Shrub, 1.5-5 m. Leaves 10-17 x 4.2-8 cm, elliptic to broadly ovate, apex acuminate, lower surface covered with a thin two-layered indumentum, the upper layer more or less detersile, brown, composed of ramiform hairs, the lower whitish, compacted; petioles 1-2.5 cm, covered with an arachnoid tomentum that is intermixed with glands. Flowers 12-20, in a dense truss; calyx 8-10 mm, lobes broad, apex rounded; corolla white or (rarely) creamish, often flushed pink, crimson flecks and a basal blotch often present; ovary rufous-tomentose, style glabrous or glandular below. Flowering April-May. Royal Horticultural Society (1997)
Distribution China W Sichuan
Habitat 3,100-4,450 m
RHS Hardiness Rating H6
Awards AM 1967 (Maj. A.E. Hardy, Sandling Park, Kent) to a clone Terry Wood'; flowers white, flushed red-purple in throat.
Conservation status Near threatened (NT)
Taxonomic note This species is allied to R. faberi but differs in its larger leaves and in the leaf indumentum. It is also allied to R. bureavioides (q.v.). Royal Horticultural Society (1997)
A stiff evergreen shrub up to 12 ft high in the wild; young shoots clothed with loose brown down, becoming glabrous. Leaves stiff and hard in texture, oval or broadly ovate to ovate-oblong, abruptly narrowed at the apex to a short point, rounded or slightly heart-shaped at the base, 3 to 8 in. long, 11⁄2 to 31⁄2 in. wide; glossy dark green and soon nearly or quite glabrous above, thinly downy beneath in two layers, the upper one brown and wearing off in great part, the under one paler, close, and permanent; stalk 5⁄8 to 11⁄8 in. long. Flowers produced in April and May a dozen to twenty together in a truss 3 to 6 in. wide; flower-stalks 3⁄4 to 1 in. long, covered with tawny, glandular down. Calyx divided almost to the base into five ovate membranous lobes 1⁄3 to 5⁄8 in. long, downy outside, and glandular-ciliate. Corolla white, pink-tinged, with a crimson blotch and spots at the base, 11⁄2 to 2 in. long and wide, bell-shaped, downy inside towards the base, five-lobed, the lobes 1⁄2 in. long. Stamens ten, 1⁄3 to 1 in. long, downy at the base; ovary felted; style glabrous or glanded at the base, longer than the stamens. Bot. Mag., t. 9414. (s. Taliense ss. Adenogynum)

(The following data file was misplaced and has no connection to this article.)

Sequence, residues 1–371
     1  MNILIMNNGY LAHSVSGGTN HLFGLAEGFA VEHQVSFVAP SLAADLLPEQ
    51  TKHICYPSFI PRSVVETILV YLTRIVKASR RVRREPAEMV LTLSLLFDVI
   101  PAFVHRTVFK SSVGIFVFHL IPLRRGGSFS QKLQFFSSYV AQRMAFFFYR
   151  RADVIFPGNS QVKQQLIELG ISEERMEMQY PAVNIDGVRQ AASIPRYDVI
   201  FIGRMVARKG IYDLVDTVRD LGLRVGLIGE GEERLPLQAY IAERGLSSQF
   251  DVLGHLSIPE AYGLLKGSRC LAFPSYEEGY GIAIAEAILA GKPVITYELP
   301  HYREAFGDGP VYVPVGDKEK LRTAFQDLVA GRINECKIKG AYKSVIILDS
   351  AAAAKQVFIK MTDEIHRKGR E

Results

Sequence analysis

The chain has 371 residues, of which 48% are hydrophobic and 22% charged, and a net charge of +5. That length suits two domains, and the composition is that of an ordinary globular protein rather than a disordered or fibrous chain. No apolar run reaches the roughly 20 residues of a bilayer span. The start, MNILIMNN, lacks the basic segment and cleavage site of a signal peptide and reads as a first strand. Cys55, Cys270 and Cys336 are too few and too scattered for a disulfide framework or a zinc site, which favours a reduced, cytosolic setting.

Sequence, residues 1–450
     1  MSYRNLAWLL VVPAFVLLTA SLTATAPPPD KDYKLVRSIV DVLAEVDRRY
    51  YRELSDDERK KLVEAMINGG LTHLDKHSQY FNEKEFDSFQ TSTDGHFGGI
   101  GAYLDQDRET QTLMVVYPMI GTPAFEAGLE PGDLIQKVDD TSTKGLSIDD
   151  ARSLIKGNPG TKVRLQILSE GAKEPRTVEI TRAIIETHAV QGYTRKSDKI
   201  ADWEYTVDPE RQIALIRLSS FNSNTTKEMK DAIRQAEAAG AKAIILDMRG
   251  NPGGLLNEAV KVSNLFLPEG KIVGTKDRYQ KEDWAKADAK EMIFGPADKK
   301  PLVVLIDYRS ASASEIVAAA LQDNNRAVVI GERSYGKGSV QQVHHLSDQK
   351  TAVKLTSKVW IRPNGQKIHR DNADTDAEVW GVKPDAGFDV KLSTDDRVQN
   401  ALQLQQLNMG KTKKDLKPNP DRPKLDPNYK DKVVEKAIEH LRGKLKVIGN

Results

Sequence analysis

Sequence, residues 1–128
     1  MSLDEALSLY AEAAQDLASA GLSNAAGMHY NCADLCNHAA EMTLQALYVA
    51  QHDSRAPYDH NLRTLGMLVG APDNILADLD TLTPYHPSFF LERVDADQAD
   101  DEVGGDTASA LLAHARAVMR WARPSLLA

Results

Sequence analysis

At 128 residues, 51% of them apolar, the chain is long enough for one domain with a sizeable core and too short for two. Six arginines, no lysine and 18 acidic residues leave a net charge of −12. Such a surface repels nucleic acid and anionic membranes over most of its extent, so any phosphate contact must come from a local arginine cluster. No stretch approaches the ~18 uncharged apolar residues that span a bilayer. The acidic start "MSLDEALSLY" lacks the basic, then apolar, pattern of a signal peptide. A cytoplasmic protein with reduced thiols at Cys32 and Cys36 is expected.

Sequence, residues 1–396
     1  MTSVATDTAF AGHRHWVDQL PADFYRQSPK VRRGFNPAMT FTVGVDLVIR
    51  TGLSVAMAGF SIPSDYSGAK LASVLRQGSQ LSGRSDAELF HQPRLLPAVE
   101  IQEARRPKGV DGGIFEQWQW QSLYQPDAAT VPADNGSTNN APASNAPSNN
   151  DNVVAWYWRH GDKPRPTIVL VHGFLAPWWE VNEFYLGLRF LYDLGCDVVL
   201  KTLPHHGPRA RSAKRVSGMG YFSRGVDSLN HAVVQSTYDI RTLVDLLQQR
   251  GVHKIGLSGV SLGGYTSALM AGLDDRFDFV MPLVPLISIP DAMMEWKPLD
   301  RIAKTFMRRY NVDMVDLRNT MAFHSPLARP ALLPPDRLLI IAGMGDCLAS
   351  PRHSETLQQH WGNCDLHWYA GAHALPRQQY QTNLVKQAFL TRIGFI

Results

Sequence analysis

Native of W. Szechwan, China; discovered by Pratt near Tatsien-lu (Kangting); introduced by Wilson in 1904. It is quite hardy at Kew and flowers regularly; the foliage is handsome, but the colouring is not particularly effective. The large membranous calyx is distinctive. Wilson describes it as a woodland species and it undoubtedly needs partial shade. It has been very much confused in gardens with R. faberi, owing to its having been wrongly identified with that species in the Plantae Wilsonianae, vol. i, p. 533, and distributed from the Coombe Wood Nursery under that name. The true R. faberi is distinct in the thicker woolly tomentum beneath the leaf and is rare in cultivation.
On April 18, 1967, the Award of Merit was given to a seedling of R. prattii exhibited by Major A. E. Hardy, Sandling Park, Kent, and named ‘Perry Wood’.